What is Effective Communication and How Does it Create a Dream Team Dynamic?

What is effective communication?

“What is effective communication?”

If you’ve ever worked on a team that had a crazy amount of chemistry, you already know the answer. Everything they touched was gold, they produced more than any other team combined, and they had fun doing it.

Unfortunately, you know that that is not the norm. Most teams have people you don’t like, that one person that doesn’t do anything, one person who shows up always talking about their personal life, one person who thinks they’re better than everyone else, and you have to try and make it work.

So, what’s the difference between those two teams?

I would say it all comes down to how they communicate!

Good communication skills are at the heart of successful team building. A survey conducted by the Project Management Institute (PMI) reported that one out of five projects are unsuccessful due to ineffective communication. This underlines how essential communication is within a team, where each member must understand not only their role but also the roles of their team members, the team’s objectives, and how their collective efforts contribute to these goals.

Effective workplace communication goes beyond merely exchanging information – it’s about understanding emotions and intentions behind the information. Two studies by Watson Wyatt Worldwide were performed in 2003 and 2005 to identify which communication practices deliver the best return.

The studies confirmed what we’ve all suspected: good internal communication correlates to higher levels of employee engagement and lower turnover rates. This statistic underscores the importance of addressing poor communication issues if the common goal is team cohesion and enhancing overall team performance.

5 Key Elements of Effective Communication

1. Clear Communication Empowers Teams to Collaborate and Be More Productive

According to communications expert Debra Hamilton, miscommunication costs businesses with up to 100 employees an average of $420,000 per year. This emphasizes “how” we communicate is just as important as “what” we are communicating.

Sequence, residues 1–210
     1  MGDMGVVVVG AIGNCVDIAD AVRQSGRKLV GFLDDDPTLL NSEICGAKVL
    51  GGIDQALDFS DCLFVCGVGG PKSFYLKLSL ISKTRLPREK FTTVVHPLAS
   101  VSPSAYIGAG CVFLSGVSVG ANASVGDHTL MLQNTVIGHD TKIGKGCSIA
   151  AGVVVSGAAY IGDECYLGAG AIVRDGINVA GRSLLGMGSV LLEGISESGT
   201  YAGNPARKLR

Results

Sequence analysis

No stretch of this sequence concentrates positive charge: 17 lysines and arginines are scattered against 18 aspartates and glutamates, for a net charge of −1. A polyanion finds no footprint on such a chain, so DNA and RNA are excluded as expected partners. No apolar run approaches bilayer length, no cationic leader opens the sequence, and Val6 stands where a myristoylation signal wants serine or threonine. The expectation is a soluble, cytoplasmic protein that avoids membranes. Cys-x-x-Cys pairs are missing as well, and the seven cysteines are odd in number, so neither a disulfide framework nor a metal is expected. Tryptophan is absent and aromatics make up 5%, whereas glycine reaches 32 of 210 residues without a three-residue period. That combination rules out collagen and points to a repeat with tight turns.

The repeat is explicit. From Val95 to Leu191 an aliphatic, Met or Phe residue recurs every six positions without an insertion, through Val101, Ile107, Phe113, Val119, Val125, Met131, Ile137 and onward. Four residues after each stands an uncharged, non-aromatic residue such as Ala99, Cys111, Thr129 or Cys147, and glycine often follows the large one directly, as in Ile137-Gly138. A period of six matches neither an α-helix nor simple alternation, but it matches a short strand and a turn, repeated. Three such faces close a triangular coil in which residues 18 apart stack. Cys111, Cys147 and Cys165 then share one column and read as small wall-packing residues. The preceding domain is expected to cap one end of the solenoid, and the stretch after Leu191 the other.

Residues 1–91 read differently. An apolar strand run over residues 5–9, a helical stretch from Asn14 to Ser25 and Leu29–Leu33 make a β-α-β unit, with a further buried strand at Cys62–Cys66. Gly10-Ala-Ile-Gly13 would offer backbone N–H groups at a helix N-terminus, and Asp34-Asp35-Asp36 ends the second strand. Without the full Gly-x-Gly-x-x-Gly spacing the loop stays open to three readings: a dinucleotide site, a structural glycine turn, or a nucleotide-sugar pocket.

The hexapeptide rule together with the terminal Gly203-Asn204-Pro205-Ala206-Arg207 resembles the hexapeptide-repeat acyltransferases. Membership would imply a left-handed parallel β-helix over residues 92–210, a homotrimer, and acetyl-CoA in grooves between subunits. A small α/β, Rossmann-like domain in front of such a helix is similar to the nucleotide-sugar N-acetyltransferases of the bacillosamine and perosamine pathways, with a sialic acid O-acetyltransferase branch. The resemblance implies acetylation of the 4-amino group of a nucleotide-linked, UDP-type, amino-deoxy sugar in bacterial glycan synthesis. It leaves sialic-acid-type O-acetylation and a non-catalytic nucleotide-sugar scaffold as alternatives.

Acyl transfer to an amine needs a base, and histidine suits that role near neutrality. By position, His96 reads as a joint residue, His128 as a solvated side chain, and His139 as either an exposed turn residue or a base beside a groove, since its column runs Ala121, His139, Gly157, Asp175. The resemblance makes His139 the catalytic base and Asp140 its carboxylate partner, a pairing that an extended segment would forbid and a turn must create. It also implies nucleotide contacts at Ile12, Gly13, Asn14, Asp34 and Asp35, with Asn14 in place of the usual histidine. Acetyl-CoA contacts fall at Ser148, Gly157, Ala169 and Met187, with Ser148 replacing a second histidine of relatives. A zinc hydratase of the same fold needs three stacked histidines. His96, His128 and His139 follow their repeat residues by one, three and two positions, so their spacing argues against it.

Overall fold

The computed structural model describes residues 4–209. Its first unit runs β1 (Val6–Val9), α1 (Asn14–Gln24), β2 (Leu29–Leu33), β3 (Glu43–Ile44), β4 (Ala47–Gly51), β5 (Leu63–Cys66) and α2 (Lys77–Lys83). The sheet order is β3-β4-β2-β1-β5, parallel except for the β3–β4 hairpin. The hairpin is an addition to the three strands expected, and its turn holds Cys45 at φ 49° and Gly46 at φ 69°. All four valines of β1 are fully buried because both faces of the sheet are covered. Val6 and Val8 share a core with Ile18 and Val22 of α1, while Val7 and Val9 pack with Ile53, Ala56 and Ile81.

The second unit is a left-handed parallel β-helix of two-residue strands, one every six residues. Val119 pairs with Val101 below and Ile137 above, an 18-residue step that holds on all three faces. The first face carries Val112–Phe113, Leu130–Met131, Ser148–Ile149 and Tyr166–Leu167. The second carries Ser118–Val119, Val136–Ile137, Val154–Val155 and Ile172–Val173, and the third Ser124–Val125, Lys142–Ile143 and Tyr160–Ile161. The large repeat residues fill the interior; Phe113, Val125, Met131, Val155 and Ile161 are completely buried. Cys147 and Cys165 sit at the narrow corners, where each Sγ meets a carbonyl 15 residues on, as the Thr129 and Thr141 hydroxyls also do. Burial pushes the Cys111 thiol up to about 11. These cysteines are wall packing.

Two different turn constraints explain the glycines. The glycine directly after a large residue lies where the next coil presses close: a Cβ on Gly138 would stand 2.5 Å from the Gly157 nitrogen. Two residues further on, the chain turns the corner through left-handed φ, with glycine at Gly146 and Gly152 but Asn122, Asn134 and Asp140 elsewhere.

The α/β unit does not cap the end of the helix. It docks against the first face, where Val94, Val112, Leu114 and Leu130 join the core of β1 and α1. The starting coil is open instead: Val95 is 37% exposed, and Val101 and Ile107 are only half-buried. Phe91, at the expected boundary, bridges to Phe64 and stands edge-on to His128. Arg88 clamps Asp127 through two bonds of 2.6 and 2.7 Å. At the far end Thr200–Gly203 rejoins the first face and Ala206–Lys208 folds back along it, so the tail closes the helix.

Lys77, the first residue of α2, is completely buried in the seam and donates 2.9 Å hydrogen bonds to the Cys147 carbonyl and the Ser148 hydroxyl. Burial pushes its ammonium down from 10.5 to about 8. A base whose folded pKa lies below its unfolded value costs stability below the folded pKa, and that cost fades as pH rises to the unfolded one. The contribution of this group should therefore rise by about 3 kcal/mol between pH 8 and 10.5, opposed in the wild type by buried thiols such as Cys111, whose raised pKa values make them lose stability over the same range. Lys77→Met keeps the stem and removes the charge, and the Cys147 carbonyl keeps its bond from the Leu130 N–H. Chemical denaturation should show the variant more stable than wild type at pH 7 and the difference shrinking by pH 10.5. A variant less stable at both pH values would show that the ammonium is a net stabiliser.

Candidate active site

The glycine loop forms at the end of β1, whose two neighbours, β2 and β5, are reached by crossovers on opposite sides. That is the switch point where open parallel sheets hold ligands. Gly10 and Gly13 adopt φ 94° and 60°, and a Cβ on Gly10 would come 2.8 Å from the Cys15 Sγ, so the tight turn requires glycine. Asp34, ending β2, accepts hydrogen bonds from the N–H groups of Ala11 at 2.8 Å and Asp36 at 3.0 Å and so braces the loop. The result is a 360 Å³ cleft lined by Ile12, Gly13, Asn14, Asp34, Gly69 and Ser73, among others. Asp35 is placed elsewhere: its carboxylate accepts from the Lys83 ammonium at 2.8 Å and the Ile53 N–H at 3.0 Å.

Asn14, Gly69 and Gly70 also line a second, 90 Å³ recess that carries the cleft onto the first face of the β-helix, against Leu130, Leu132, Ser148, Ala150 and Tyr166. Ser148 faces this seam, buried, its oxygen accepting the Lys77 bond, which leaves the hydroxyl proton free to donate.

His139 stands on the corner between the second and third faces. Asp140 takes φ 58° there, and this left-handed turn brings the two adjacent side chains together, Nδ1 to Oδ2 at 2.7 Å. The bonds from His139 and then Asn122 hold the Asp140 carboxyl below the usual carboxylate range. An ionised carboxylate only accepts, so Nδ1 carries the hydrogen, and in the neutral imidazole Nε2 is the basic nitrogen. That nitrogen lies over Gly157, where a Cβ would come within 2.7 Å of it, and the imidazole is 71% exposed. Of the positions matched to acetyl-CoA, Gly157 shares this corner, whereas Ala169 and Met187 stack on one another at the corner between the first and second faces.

Whether it’s emails, team meetings, or a designated communication platform, ensure that everyone knows how to disseminate and receive information. Some companies may have different communication channels for different departments. That’s okay as long as there is still strong communication that ensures no one is left out.

This is especially true when it comes to remote teams where most of your interactions are through video conferencing, emails, etc. instead of face-to-face communication. The McKinsey Global Institute found that implementing social technologies to improve communication and collaboration could increase productivity by 20-25%.

One caution I would have you consider is having too many different ways to communicate. I have friends that have 4 different calendars, 2 phones, and 18 different apps they have to keep up with. That is a great way for things to fall through the cracks. In a world of information overload, anytime we can simplify things (especially communication channels), the better.

As leaders, it is our job to be crystal clear on a few things:

1. Your Vision – If people don’t know where they are going, when are we getting there, who is coming, and why we are doing it; they will be lost! If you have people who don’t seem passionate, aren’t engaged, or seem like they’re only there to collect a pay check, you might need to make sure you’ve clearly communicated your vision.